The first symptoms of Alzheimer’s disease vary from person to person. For those with late-onset Alzheimer’s, the disease first begins to show signs in their mid-60s. For those with early-onset Alzheimer’s, symptoms typically appear any time between their mid-30s to mid-60s. What are some of the signs and symptoms we can begin looking for with Alzheimer’s?
Tops Warning Signs:
- Memory loss or confusion – Forgetting recently learned information, important dates, numbers, asking the same information over and over again. The inability to remember things and having to rely on friends and family to remember those items is a good indicator of the beginning stages of Alzheimer’s.
- Poor judgment leading to bad decisions – This isn’t just making a mistake once in a while. This is more along the lines of making a bad decision that affects themselves in a major way such as giving a telemarketer large amounts of money, or drastically changing something in their life that reflects poorly on them.
- Impulsive behavior such as undressing at inappropriate times or places or using vulgar language. – If you start hearing your loved one start swearing after a lifetime of not cussing, or see them with a drastic behavior change may also be a sign on the disease.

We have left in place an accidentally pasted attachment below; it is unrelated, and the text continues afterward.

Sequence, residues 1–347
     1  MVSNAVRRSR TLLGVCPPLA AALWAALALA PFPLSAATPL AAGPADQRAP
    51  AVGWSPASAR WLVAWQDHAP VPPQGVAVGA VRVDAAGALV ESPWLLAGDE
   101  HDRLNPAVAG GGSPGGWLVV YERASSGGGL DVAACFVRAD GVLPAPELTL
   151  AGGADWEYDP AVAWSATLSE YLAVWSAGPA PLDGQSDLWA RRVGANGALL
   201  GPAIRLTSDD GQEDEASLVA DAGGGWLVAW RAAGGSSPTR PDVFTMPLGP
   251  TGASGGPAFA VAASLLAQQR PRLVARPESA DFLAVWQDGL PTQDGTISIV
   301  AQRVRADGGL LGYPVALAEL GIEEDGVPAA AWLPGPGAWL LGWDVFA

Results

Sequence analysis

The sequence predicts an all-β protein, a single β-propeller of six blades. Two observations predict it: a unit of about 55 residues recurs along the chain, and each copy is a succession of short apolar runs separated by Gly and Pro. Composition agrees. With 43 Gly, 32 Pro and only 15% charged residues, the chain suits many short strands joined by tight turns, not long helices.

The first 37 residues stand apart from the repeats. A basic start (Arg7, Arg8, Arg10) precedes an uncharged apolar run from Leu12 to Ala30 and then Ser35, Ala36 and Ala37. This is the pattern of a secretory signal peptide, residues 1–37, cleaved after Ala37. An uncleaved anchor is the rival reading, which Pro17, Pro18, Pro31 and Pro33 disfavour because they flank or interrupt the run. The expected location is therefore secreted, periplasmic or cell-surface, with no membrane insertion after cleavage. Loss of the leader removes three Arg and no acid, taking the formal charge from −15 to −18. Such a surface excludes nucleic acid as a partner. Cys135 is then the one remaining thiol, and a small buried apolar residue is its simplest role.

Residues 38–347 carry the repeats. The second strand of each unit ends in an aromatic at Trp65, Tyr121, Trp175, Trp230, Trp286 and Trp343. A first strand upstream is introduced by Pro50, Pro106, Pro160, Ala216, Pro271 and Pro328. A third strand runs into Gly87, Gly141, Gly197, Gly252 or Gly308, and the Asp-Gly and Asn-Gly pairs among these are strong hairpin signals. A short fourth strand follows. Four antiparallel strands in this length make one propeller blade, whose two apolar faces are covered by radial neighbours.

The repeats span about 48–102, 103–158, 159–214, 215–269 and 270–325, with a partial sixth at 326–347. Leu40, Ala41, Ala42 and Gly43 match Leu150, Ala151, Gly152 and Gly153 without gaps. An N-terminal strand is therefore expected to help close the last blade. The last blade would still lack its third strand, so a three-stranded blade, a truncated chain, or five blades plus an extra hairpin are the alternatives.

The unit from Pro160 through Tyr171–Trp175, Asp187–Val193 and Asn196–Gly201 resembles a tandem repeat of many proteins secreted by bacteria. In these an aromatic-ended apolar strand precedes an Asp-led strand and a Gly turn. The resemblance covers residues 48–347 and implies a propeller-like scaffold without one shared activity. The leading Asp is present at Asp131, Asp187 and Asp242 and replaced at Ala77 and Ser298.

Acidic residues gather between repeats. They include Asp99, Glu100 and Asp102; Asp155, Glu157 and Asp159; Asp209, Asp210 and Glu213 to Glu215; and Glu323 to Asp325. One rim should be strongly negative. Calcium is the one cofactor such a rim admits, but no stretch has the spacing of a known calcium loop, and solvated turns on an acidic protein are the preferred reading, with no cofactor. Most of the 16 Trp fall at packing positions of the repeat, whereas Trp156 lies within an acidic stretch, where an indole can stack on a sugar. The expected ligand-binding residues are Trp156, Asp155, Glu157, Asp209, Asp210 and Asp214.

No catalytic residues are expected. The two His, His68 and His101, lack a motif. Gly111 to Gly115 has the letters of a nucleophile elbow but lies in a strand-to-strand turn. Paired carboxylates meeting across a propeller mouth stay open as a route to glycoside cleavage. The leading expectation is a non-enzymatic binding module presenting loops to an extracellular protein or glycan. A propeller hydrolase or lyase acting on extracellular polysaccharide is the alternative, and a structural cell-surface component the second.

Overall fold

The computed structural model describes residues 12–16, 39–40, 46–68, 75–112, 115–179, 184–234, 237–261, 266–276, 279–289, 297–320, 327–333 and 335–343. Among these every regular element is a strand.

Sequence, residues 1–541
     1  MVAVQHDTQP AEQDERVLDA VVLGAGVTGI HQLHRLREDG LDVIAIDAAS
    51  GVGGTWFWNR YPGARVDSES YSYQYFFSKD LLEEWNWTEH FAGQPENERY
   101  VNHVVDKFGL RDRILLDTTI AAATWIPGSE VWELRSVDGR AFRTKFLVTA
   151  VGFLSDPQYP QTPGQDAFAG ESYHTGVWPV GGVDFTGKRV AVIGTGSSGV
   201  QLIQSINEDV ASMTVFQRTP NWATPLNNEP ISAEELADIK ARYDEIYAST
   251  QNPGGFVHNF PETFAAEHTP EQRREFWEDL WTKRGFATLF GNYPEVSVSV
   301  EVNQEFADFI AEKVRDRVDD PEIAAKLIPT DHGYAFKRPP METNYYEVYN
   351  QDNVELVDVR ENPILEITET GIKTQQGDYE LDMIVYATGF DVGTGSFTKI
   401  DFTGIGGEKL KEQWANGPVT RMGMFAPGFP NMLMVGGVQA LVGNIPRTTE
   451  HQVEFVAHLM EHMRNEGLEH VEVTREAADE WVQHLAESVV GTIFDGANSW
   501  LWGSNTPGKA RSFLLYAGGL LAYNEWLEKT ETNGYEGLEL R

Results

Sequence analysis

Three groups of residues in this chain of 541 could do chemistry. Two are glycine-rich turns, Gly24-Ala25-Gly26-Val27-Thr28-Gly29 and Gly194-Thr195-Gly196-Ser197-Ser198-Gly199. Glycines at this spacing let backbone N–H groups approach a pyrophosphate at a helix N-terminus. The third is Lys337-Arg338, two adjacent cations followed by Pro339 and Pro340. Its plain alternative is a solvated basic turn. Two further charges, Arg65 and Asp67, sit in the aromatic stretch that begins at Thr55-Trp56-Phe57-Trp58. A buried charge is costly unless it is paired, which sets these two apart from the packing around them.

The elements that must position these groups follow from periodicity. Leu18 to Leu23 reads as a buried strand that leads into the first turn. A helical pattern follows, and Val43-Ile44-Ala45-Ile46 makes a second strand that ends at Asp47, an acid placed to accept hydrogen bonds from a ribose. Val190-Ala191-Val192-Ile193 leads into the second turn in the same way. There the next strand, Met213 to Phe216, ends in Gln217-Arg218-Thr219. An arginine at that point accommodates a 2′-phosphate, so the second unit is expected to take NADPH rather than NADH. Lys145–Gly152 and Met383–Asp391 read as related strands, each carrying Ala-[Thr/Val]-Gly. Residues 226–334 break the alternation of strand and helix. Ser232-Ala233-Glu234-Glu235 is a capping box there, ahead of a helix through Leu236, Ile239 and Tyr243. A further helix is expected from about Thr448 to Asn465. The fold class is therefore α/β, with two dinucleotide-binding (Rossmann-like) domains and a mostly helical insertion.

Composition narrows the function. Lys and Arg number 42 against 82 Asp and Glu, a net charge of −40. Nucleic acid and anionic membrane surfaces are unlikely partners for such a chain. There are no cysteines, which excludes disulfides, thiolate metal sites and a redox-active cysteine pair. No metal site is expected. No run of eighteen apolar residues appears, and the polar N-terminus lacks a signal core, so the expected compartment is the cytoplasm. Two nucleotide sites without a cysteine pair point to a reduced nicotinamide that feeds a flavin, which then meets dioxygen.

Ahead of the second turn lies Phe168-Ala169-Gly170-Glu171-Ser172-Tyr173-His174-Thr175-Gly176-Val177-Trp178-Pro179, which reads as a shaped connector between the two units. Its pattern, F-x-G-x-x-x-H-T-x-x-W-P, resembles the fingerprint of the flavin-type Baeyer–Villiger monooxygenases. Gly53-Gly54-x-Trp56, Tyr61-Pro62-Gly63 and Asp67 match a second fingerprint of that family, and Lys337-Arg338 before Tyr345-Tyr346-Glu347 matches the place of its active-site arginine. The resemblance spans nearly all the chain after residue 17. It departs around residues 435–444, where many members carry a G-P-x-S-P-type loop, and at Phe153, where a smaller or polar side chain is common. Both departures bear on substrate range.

- Changes in mood or personality – We all experience changes in our mood from time to time, but they are more rational and we can calm ourselves down. However, those developing Alzheimer’s become even more confused, suspicious, depressed, fearful or anxious when they are out of their comfortable zone.
- Difficulty with language and problems with reading, writing, and working with numbers. Another common sign is the inability to find the correct word in the middle of the sentence, or write a common sentence, and easily being confused with numbers. Having more difficulty coming up with words than normal.
- Confusion with time and place – Losing track of entire seasons or chunks of time is a very common sign of Alzheimer’s. Not knowing where they are, when they have frequented this location or place or possibly live in this specific place.
- Having trouble completing tasks – This looks more like daily tasks or common tasks such as brushing their teeth, driving to a familiar location, or forgetting how to make breakfast.
- Misplacing things – A person with Alzheimer’s may put an everyday object in an unusual place and not be able to retrace their steps to remember where they put that item.
If you think your loved one is experiencing signs of Alzheimer’s disease, please contact their physician. There are benefits to early detection of the disease.